The following year, French astronomer Jacques Laskar, the PNAS paper’s second author, numerically determined that the Earth’s orbit was chaotic, too. This has significant implications: say you measure the current position of the Earth in its journey around the sun, and you’re off by just 15 meters—or about 0.0000012 percent. Laskar showed that even an error as slight as this precludes the ability to predict where the Earth will be in 100 million years. “We used the most precise model that we could make for planetary motion, taking into account all the planets, the minor planets, general relativity, everything,” Laskar says. “But even by doing that, we will never be able to compute a solution beyond 60 million years.” There is no analytical solution to the solar system problem: you need empirical information.

As he continued to analyze the sediment cores from the Newark Basin, “it became very obvious that there was a 1.75-million-year cycle,” Olsen says. This cycle was the result of the Earth’s slow gravitational waltz with Mars. Laskar had predicted it, but nobody had ever seen evidence of the cycle in the rock record before. By 1999, Olsen and Kent were able to show that the Earth-Mars cycle had shifted over time, and currently has a period of 2.4 million years.

“I got quite a bit of pushback on that,” Olsen says. He is familiar with criticism. His ideas are ambitious, and geologists often disagree on the fidelity of the rock record, which is “riddled with unconformities,” he says. Possible unconformities include missing rock layers or changes in the rate at which sediment was deposited. Changes in the sedimentation rate will distort how time is represented in the record, says Frits Hilgen, a geoscientist at Utrecht University who was not involved in the Orrery study.  

This presents potential pitfalls for the Geological Orrery. It relies on a complete sedimentary record: if there are invisible gaps in it, it will hopelessly throw off the timing, and the whole endeavor could collapse. Plus, there’s no way to know for sure if such gaps exist simply by looking at the rock record in any one place. Olsen knew he had to come up with a way to corroborate the evidence in the Newark Basin for the orrery to have any chance at success. “So, we decided on checking by another coring experiment,” he says. “That was the Colorado Plateau.”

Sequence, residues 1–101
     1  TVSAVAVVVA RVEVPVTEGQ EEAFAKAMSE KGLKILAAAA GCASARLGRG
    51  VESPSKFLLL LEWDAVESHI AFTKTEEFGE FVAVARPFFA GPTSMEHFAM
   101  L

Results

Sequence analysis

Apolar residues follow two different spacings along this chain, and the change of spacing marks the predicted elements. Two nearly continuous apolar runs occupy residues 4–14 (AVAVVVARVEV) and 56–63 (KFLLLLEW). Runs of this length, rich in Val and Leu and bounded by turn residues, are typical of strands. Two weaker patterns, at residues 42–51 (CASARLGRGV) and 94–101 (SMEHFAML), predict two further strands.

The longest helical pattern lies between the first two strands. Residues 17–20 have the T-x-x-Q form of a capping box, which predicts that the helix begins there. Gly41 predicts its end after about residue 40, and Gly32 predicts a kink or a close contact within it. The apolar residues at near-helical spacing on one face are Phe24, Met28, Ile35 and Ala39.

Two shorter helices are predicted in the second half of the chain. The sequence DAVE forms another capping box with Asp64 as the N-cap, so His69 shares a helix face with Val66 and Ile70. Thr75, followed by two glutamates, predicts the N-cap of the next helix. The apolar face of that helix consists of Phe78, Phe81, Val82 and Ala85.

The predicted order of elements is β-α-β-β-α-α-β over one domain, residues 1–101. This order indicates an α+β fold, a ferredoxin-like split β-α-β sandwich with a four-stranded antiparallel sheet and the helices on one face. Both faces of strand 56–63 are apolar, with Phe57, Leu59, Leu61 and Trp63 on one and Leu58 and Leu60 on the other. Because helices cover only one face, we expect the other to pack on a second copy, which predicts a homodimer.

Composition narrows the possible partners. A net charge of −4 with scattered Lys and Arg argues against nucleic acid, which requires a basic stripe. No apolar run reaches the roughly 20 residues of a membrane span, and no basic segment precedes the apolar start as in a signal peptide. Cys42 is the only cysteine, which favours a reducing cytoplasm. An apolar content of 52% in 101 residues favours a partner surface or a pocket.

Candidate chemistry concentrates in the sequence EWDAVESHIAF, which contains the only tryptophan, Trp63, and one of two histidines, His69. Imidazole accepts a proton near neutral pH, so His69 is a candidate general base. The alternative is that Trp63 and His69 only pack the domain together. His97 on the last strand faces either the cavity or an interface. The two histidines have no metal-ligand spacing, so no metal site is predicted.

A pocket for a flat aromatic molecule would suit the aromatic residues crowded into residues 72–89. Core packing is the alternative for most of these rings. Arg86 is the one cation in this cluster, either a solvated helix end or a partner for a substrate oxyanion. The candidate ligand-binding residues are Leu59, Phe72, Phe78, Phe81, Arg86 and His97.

A vast desert crisscrossed with canyons and dotted with mountain ranges thrust up as a continental plate crumpled 250 million years ago, the Colorado Plateau straddles the Four Corners region of the Southwest and includes countless geological wonders. The sediment cores Olsen and Kent extracted from it in 2013 were drilled in Arizona. Kent, who is an expert in paleomagnetism—the branch of geophysics that studies the Earth’s ancient magnetic field—says the sediment there had the potential to corroborate the Newark Basin rock record. Massive volcanoes pummeled the surrounding terrain millions of years ago. Among this landscape were trace amounts of magnetic hematite particles that provided Olsen and Kent with a crucial corroborative clue. The Earth’s magnetic field sporadically flips, Kent explains, and those reversals are recorded in the magnetic particles in the sediment. “They become almost like a bar code,” he says. “The sequence is quite distinctive when we have a good time record.” If geologists can match that pattern to sedimentary records in widely dispersed places, they can confirm the rocks are of the same age—and importantly, determine whether the record in one location (for example, back in Newark) has any gaps. When Olsen and Kent compared the Colorado Plateau cores to the Newark Basin cores, they matched.*